Published: March 2006

The Celtic Realm

Torches Group

Celt Appeal

Outsider status has helped Celtic languages and culture endure.

By Tom O'Neill
National Geographic Senior Writer
Photograph by Jim Richardson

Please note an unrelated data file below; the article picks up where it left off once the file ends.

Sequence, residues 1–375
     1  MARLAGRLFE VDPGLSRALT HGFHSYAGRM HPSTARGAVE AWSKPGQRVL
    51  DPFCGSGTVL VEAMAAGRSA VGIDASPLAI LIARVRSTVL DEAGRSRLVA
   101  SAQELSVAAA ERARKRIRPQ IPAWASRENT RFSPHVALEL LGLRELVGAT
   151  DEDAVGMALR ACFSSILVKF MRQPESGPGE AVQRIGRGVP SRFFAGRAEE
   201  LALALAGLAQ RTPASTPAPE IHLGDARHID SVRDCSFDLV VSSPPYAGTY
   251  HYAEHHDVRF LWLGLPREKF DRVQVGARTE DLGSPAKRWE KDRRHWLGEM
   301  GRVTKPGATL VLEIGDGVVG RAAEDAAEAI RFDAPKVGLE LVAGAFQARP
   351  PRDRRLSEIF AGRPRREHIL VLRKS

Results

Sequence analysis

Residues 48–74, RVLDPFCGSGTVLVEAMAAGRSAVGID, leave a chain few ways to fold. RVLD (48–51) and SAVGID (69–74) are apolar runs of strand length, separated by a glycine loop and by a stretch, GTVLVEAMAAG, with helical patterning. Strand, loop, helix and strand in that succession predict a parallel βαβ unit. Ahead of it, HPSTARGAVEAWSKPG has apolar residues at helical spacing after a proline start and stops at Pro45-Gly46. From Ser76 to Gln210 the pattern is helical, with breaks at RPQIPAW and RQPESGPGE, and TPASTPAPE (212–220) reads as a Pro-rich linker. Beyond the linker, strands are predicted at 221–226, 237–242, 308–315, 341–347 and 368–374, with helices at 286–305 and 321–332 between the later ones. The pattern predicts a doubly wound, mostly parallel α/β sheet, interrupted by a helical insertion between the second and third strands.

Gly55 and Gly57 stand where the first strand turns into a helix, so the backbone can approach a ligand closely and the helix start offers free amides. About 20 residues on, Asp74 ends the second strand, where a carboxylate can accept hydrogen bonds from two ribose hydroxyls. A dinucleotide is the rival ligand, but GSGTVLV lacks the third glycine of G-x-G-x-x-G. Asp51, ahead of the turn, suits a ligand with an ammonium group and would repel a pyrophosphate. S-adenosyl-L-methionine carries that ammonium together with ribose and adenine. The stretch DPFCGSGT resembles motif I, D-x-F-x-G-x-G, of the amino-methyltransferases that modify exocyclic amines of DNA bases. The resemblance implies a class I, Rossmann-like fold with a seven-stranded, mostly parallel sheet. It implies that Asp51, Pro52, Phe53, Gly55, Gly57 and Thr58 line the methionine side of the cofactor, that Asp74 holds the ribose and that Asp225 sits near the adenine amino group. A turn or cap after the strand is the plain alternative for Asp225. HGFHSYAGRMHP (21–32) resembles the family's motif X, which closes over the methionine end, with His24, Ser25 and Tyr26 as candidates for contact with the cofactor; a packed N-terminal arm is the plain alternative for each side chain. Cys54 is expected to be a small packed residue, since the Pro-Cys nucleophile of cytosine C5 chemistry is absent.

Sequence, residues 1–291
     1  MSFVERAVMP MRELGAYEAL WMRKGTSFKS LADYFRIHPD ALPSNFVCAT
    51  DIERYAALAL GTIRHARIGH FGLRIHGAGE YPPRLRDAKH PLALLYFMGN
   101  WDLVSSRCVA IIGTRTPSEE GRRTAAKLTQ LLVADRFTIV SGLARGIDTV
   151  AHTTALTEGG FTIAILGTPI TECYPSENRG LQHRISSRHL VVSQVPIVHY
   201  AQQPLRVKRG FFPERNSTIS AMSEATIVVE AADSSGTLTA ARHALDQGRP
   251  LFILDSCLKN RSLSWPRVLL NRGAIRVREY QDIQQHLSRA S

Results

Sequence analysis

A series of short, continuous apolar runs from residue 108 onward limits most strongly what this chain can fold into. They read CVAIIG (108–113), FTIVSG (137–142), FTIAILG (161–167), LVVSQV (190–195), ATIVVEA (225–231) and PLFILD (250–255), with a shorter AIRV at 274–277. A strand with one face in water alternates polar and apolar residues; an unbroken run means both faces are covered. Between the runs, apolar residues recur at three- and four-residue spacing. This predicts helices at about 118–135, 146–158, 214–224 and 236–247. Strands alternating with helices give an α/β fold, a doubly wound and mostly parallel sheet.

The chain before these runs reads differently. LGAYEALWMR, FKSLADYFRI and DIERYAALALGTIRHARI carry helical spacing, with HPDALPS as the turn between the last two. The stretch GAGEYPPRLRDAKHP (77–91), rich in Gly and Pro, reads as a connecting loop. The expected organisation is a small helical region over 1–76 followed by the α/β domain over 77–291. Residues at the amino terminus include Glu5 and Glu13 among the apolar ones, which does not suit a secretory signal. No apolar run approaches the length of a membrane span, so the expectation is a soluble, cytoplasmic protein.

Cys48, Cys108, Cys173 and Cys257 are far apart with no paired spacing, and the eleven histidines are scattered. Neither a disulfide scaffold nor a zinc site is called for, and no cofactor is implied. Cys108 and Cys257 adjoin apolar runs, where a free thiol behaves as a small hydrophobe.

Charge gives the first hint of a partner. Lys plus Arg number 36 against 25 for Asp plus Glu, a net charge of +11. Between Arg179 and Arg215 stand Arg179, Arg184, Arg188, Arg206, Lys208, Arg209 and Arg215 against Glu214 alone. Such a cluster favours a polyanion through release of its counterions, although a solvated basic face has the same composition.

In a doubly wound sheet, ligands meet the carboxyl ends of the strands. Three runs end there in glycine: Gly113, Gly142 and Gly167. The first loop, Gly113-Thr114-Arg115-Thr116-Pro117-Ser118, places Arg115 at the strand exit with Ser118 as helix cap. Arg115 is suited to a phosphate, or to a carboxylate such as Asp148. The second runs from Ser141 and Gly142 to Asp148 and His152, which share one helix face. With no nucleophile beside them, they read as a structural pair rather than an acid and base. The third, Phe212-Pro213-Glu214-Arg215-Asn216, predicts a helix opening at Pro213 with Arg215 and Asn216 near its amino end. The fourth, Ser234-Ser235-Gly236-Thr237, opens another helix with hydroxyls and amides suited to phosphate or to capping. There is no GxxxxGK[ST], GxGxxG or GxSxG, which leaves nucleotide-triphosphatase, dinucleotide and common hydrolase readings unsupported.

Finding a Celt in 21st-century Europe isn't that difficult, though you may need a few ferry tickets, a good pair of boots, and a sharp set of ears before your search is done. Go as far west as you can, right up to the cliffs and coves of the Atlantic—it doesn't matter if it's France or England or Ireland or the outer islands of Scotland—and turn around. Odds are you'll see rocks, plenty of them, piled up in fences, shaped into houses, or lying like bare knuckles in scruffy fields. Probably it's raining. Your search is getting warm. To get warmer still, find a place like the Cross Inn on the windy, moor-covered Isle of Lewis in Scotland's Outer Hebrides. If you're lucky, you might hear a bagpipe or fiddle playing, and if you're luckier still, you might tune in to an unfamiliar sound: Celts talking.

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